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The Paisley Shawl and the People who made it
hapter IV - Preparation of the Loom

IF the reader be a weaver, he will forgive the attempt to make so technical a subject intelligible, and if not a weaver, he will at least be enabled to form some idea of the skill and patience exhibited by the harness weavers. To the ordinary reader it may be necessary to explain that the weaving of a piece of cloth with a continuous pattern, however elaborate, which goes on repeating itself, is a comparatively simple matter. Any irregularity of thickness in the weaving, while it will be a defect, will not entirely destroy the symmetry of the pattern. But it is quite otherwise with a shawl, which has a beginning and an end. The weaver commences to weave a border across the bottom, which in some measure repeats itself along the sides, and blends into a border across the opposite end. To produce the design correctly, a fixed number of weft threads must be woven across, between the beginning and the end; not one more, and not one less. It is manifest that if the weaver beats up his welt threads too closely at the beginning, he will have the total number in before he arrives at the end of the shawl, and where, as is often the case, the warp is dyed or stained in portions to correspond with the design, the latter part of the pattern will be wholly destroyed. In a power-loom the exact number of weft threads in a given

space can be regulated with absolute accuracy, but the hand-loom weaver had to trust to the delicacy of his touch, and therein lay much of the skill of the harness weaver.

The yarn required for these Harness Shawls had to be specially prepared. The finest class of it went under the name of Cashmere. To give the strength necessary for warp, it consisted of a thread of fine silk round which was spun a coating of the finest Cashmere wool. This class of yarn was most successfully made in the neighbourhood of Amiens, in France, and is still manufactured there for the French market. For the less expensive qualities a silk or cotton warp was used. The weft was either a carded woollen yarn or a Botany worsted. These classes of yarn were spun principally in Yorkshire. There being no railways in those days, some of the spinners in the Bradford district were accustomed to ride down to Paisley, a journey of several days, with their yarn samples in their saddle-bags. The goods were sent round by the steamer from Liverpool to the Clyde.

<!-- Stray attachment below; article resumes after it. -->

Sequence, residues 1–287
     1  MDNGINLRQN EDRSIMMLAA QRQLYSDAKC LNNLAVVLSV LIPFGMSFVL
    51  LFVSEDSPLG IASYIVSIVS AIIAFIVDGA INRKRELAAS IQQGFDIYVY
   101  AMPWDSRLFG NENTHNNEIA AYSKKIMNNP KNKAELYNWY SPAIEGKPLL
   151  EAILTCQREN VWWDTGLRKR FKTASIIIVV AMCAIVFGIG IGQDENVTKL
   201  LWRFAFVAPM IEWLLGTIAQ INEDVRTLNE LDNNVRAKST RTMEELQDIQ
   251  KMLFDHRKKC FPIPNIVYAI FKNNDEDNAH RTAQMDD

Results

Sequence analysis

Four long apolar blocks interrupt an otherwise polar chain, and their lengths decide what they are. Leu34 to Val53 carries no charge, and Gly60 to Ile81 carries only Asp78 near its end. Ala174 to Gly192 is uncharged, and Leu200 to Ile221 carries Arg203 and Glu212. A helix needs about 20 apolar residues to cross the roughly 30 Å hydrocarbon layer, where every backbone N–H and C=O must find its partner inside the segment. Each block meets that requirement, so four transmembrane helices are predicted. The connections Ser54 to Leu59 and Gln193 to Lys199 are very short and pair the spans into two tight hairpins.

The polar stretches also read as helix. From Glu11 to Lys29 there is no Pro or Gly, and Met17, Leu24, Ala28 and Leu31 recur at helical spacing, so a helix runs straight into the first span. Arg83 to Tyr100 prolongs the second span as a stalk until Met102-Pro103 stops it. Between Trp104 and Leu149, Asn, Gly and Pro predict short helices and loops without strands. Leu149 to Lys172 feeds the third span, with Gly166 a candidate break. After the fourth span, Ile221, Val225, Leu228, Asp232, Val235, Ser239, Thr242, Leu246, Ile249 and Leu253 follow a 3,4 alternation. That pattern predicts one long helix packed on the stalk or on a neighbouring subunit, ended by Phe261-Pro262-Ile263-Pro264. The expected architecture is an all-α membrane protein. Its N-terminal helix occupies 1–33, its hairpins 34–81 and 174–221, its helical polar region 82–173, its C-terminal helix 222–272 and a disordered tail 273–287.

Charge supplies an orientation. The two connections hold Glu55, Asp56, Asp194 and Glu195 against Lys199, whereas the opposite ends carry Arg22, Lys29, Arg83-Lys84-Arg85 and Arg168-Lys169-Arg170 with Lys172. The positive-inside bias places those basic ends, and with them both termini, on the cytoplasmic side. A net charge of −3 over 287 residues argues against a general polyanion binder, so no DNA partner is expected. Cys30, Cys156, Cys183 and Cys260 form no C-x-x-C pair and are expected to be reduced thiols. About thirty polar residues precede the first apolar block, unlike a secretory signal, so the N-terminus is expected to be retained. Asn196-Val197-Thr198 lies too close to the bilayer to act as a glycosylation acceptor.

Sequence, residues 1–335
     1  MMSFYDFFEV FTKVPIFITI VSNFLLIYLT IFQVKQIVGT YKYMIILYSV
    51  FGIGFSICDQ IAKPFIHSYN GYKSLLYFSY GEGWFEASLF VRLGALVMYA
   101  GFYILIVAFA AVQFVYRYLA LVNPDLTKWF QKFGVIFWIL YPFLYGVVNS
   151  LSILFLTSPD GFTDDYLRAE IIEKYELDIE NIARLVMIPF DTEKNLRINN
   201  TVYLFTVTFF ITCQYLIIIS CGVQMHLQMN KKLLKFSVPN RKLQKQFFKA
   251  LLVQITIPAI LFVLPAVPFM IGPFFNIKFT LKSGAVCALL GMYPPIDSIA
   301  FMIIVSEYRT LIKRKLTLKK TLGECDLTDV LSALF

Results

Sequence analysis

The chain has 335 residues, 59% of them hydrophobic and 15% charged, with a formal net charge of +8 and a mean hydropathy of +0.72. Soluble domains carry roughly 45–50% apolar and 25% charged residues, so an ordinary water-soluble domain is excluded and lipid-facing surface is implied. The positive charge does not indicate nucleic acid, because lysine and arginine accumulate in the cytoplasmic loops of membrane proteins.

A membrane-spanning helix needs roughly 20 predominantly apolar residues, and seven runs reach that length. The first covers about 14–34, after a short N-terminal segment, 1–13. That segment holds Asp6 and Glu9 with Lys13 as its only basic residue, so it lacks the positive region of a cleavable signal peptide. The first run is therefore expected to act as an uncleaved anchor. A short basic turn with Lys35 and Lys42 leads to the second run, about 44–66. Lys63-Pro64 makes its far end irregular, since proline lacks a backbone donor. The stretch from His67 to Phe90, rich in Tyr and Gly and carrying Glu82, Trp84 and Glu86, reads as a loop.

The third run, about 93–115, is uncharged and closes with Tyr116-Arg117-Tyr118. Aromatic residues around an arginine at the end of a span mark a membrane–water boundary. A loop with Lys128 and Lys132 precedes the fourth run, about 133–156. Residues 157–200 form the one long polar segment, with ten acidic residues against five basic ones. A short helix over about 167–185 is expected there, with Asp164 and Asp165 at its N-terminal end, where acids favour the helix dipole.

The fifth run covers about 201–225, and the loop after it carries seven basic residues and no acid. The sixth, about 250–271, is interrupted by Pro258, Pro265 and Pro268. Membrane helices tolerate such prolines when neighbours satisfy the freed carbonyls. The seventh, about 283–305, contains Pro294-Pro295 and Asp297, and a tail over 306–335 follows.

The dyeing of the warps was one of the first anxieties of the manufacturers, and required great skill and care. This arose from the custom, as in the Eastern originals, of having at each end of the shawl a parti-coloured finish, showing bands of four or five different colours, which became the ground-work of the terminal borders and formed the warp fringe. This will be seen in several of the Plates. Between these parti-coloured ends the centre would be dyed red, if for a red-centered shawl, or black, if this was to be the colour of the centre. In some cases the warp for the side borders might be dyed a special colour. It is obvious that this further necessitated much care in the warping of the web, each length and space requiring exact measurement and marking. The dyer screwed down the slides of a frame at these marks, leaving exposed the particular piece that was to be dyed, which was then dipped in the dye vat. This might occur many times throughout the length of the shawl. The art of Dyeing thus came to great perfection in Paisley. While on this subject, it is also worthy to note that, some years ago, the dyeing of piece goods made of wool or worsted was confined to Yorkshire. Paisley has since taken a high place in this important industry, and for this the town is largely indebted to the enterprise of Messrs. William Fulton & Sons, of Glenfield. Many of the leading dyers in Scotland and England received their early training in Paisley.